Zion National Park, Utah. The Trump administration removed protections for 2 million acres of public domain in the West. The proclamation the president signed in December 2017 reversed 150 years of American land conservation precedence. Election Day 2018 will decide whether that continues, or not. (Photo/Keith Schneider)

BENZONIA, MI — On this disruptive, bittersweet July 4 let me draw you back 155 years. On this same day in 1863 the blood of the dead and the wounded seeped into the grassy fields of Gettysburg. Spawned by irreconcilable principles and values nearly as virulent as those that exist today, the Union army victory was the strategic turning point in the Civil War. It provided military and cultural momentum for the winning progressive view that free will was an American virtue guaranteed to all races. It also confirmed the views, and cemented the historic legacy of the gifted and courageous anti-slavery voices of the 19th century — Frederick Douglass, Harriet Tubman, William Lloyd Garrison.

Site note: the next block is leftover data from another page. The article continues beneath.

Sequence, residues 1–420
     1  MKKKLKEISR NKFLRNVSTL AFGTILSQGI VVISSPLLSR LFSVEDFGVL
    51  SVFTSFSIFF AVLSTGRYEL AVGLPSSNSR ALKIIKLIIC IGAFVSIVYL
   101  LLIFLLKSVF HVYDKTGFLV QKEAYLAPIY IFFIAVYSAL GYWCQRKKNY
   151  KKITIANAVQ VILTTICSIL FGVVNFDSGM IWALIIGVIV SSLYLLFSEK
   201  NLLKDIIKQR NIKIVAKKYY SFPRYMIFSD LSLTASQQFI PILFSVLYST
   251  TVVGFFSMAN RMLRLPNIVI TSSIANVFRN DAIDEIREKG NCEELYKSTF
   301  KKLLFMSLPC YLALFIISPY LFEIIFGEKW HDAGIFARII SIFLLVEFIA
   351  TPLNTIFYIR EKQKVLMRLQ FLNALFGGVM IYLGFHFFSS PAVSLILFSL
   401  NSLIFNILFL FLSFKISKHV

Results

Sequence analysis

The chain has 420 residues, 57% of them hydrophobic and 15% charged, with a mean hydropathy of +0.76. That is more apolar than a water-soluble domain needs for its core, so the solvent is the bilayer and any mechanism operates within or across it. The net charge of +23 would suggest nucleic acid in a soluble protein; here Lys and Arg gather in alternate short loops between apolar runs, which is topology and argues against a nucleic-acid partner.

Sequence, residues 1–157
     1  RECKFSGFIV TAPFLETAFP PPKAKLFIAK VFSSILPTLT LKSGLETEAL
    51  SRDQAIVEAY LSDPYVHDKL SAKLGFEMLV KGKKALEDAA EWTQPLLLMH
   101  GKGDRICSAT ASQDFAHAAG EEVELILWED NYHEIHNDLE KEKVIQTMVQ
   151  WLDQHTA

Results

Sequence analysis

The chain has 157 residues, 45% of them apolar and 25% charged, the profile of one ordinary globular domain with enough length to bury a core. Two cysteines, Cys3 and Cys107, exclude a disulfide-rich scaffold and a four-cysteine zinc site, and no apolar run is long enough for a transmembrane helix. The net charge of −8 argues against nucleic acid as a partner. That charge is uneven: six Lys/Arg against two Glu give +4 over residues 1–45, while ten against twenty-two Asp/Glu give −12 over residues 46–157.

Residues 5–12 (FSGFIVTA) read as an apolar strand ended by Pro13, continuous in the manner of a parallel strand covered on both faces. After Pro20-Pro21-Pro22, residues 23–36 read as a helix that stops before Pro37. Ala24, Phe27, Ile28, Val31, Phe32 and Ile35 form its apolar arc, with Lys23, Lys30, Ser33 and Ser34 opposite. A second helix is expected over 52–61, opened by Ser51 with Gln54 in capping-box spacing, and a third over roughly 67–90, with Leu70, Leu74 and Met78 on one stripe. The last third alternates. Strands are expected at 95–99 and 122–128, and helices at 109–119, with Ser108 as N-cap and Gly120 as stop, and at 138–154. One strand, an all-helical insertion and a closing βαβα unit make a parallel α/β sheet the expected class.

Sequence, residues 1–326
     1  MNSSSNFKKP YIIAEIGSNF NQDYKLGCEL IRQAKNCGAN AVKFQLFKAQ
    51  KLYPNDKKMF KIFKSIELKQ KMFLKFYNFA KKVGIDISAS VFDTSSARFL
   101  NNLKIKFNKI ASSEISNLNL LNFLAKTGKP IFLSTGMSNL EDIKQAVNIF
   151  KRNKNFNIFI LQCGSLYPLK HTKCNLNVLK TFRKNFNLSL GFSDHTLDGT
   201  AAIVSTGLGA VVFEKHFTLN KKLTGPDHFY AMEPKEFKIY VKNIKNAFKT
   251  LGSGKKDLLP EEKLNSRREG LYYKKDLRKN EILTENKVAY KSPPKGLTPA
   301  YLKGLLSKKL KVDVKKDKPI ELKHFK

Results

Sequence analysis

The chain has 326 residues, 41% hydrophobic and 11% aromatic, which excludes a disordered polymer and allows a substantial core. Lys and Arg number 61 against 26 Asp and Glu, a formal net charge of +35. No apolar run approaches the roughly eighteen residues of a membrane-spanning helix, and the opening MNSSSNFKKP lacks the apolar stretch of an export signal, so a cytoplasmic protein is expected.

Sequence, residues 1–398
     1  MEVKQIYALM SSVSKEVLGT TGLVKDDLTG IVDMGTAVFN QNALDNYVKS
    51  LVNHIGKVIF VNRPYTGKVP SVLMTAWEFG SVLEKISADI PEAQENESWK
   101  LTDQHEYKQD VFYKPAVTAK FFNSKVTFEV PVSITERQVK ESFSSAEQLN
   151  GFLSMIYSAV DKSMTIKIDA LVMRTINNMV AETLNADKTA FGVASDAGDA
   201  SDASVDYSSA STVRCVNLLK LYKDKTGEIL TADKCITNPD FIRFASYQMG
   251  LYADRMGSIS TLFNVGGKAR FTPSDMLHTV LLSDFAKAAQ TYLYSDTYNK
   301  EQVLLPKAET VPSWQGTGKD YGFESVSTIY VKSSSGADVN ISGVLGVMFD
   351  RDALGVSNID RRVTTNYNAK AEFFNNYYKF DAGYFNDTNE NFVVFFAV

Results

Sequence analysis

Fast forward to now, and further to November 6, election day. In my mind the 2018 mid-term election is tantamount to an American political Battle of Gettysburg. The outcome of that day, regardless of which side wins, will measure the American character and define our national direction for decades. I stand with progressives who support justice, human rights, job and economic opportunity, fairness, environmental protection, and peace. Make no mistake, the other side, supporters of a venal man and the fact-free politics of fear and grievance, bring to the battle equivalent reserves of energy and intensity.

The right wing of the United States has succeeded in building an ultra-conservative counter culture. Its supporters, and their brazen leader, understand the power of their movement and its capacity to impede, if not reverse, a half century of civil rights, women’s rights, gay rights, environmental safeguards, and workplace advances.

Our generational Gettysburg fast approaches. On this day of Independence, I commit to voting for an American way of life that makes the national town square safe and welcome to everyone. I commit to bringing every eligible voter I know with me.

Malaysia. Where’s Malaysia?

A mammoth figure guards the entrance to one of the Batu Caves, a Hindu shrine in Kuala Lumpur. (Photo/Keith Schneider